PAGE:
How the GM wants to use this in the game is a personal decision. The issue here is that it bypasses SINs, and identifies the person themselves. So if their face is wanted for murder, a fake SIN won't help. If this technology is available to police in 2075 in conjunction with CCTV, then it would be a snap to identify wanted runners in any strongly policed area (Possibly Security Rating 4+, certainly 5+).

This technology isn't included in the setting to my knowledge (else disguise would be an obligatory skill), and it's down to the GM to decide its presence or otherwise.


With fake SINs being prevalent, this will stymie a lot of attempts to actually identify the runners. The only folks who are going to struggle here, are those with the SINner background.

Vagabond on dumpshock had this to say about the collection of forensics in Shadowrun. (

Let me preface this by saying I'm a police officer in real life.

Forensics isn't the "solve-it-all" solution to crime that most people think it is. Usually if it's not a capital crime, especially in larger cities, then they aren't even going to bother with a CSU (Crime Scene Unit- which is what we use).

Yes, if they spend enough time, they may(I stress "may" because this isn't as easy as TV makes it out to be) find some sort of sample like a fiber of fingerprint (as you pointed out, I think the most likely piece of forensic evidence would be bullets and blood), but then they need something to compare it to.

Obviously, the next step for the investigator with a sample, would be to submit it for a database search. If the biometrics (ie. SIN) were on file in the same jurisdiction as the investigator, then life is that much easier – the sample can be obtained within a day or two from a search on their database. Eg. A UCAS police officer submitting a sample to the UCAS national SIN registry. However, if the sample is related to a SIN in a different jurisdiction, eg. A UCAS officer with a sample from an Ares citizen, then the only way to obtain a match would be to apply for a search on the GSINR. I doubt this would be very easy or quick to obtain. It would likely need to go through the Corporate Court system, involving lawyers and red tape, ie. A warrant at the international level. If it were serious enough, eg. A murdered executive, then it would be probably be allowed. However, I don't see this as being a very easy option.

Of course, your opinion may differ.

This is where a Rating 6 SIN could actually be a liability, as the biometrics actually match the runner. This could cause problems if a DNA check is run from say, some blood (which many runners seem to leave spattered across walls).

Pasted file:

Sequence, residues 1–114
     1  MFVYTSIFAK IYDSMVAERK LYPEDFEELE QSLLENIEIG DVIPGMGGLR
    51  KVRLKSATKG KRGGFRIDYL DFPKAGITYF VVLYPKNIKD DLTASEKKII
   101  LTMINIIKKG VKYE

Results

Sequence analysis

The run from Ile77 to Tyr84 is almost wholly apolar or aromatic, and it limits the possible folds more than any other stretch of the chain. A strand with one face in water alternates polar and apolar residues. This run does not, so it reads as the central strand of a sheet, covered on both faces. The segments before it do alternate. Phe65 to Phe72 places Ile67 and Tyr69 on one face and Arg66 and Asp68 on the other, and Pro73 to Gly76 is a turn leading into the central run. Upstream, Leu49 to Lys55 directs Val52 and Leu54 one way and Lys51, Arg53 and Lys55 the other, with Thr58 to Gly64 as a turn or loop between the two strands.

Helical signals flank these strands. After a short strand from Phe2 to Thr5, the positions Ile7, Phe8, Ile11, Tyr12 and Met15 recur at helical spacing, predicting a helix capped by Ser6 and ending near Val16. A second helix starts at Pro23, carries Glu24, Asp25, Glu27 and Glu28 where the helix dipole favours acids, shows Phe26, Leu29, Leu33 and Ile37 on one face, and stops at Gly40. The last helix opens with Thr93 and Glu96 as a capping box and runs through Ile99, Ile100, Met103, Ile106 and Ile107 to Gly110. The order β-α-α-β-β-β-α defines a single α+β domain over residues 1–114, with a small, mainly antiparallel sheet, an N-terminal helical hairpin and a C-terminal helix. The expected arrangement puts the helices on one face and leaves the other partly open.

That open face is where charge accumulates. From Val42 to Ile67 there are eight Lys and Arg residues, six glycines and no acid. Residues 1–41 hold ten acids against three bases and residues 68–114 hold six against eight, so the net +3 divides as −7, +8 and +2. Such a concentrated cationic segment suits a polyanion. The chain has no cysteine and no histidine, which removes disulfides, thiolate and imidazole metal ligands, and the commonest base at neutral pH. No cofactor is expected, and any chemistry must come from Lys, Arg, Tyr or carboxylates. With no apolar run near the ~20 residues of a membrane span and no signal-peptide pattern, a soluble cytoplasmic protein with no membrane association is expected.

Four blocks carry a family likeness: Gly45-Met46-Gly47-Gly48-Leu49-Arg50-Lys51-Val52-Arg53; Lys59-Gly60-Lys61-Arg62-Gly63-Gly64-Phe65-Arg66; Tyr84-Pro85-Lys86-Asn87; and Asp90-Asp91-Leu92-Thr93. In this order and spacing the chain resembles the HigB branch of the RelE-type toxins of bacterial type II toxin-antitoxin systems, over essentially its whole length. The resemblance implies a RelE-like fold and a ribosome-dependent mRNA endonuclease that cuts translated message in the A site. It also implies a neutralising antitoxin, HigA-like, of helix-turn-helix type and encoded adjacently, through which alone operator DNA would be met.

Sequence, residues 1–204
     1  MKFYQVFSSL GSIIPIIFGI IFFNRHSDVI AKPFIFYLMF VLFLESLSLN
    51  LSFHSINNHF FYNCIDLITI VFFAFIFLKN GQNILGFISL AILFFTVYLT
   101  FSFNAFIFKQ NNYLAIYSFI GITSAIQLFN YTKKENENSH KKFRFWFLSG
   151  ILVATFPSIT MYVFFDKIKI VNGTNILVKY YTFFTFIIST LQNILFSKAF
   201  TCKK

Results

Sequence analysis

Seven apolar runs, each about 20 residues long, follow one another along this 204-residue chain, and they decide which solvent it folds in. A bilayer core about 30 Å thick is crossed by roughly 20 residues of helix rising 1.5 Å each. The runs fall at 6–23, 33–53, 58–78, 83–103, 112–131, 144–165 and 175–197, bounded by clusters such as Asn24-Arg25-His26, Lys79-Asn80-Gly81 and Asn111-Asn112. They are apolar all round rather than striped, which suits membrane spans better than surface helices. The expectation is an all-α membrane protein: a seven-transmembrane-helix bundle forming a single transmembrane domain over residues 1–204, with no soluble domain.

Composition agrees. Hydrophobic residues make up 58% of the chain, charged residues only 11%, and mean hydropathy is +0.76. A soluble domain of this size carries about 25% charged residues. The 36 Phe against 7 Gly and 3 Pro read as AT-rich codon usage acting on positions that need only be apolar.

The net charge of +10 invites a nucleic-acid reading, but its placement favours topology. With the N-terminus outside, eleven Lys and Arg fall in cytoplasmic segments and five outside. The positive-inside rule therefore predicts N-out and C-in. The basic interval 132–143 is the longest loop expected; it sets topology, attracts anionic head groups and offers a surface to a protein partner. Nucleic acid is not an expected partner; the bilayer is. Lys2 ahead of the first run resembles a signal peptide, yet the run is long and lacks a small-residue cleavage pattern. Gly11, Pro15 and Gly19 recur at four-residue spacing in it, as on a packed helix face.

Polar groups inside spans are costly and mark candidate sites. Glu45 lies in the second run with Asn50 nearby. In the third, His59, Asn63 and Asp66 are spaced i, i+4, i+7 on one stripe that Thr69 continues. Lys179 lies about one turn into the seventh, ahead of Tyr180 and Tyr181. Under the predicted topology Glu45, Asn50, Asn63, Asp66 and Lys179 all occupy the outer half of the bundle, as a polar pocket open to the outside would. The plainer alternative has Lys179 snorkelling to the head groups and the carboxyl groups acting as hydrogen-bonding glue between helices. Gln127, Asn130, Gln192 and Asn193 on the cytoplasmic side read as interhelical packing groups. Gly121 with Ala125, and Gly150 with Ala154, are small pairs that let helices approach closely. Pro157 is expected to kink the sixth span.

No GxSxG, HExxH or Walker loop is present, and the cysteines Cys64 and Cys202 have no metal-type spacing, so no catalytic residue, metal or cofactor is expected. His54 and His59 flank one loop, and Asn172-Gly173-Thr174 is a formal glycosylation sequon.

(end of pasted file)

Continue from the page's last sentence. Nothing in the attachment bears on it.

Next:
It is up to the GM to decide in advance of play if a Rating 6 SIN is going to cause problems and communicate this with the runners, eg. Blood at a crime scene being matched to the runners through a search. However, a GM could just as easily rule that part of a Rating 6 SIN is protection from these types of forensics checks.

My position is that a Rating 6 SIN does link the runner, so it would be inadvisable for a runner to obtain one, unless he has something very specific in mind.

Fleeing the Scene

If you've got a rocket launcher in the trunk, and the Police, Inc. try to pull you over, a reasonable option is to step on the gas.

Hard and fast rules for how this will pan out will depend on the area's Security level, and how well-prepared and skilled the runners are. Stats for police and vehicles, and the rules for said chase are all available in the SR5 core.

This is where the rigger can shine.

This said, even if the runners do manage to escape, any SINs which were being broadcast, and noticed by the authorities, would likely now be burned, the same for any licences linked to those SINs. Vehicles would need a new licence, and fresh plates. Expensive, but not the end of the world.

Under Arrest

If the runners are actually arrested, and end up being taken into custody (voluntarily or otherwise), then it's likely that this will be the end for them. Their likely possessions alone (grenades, guns, decks and the like) will damn them more than their actions most likely.

The only options here (unless they've managed to stash their gear), are Bribery and Contacts.

I'd say bribery is only likely for minor infractions. Even the most corrupt and poor officer isn't going to want to be seen allowing perps to walk away with highly illegal items in tow. An opposed Negotiation Roll against the Security rating of the area (12 for AAA, etc.), would be suitable, but with a penalty comparable to the crime (see the penalty list previously).

A bonus of one to the dice pool for every ¥1,000 used in bribery can be allowed.

The most likely 'out' from this situation is going to be a favor from a contact (p. 389, SR5). They'll probably need to be well-connected (5+), and have a healthy dose of loyalty towards the runners in question (at least 3+) before he'll act. Whether they can help get all of the runners out of prison, with or without their gear, will depend on the contact, and their standing locally. And they'll likely still need paying at least their Connection x ¥1000.


Although including these possibilities in your game may seem harsh, they are not intended to imprison a runner team, or burn their SINs on a daily basis, they are primarily intended to curb excess. They offer players guidelines as to what is acceptable within the setting, and what is not.

Although it is a fantasy game when all is said and done, the strength of the setting depends on a certain level of realism (for my group at least). If we're in a situation where runners are able to stroll around Downtown Seattle covered in blood, with a machinegun over their shoulder, then much of the subtlety of the game has been lost. Of course, in the Barrens, this might be perfectly acceptable...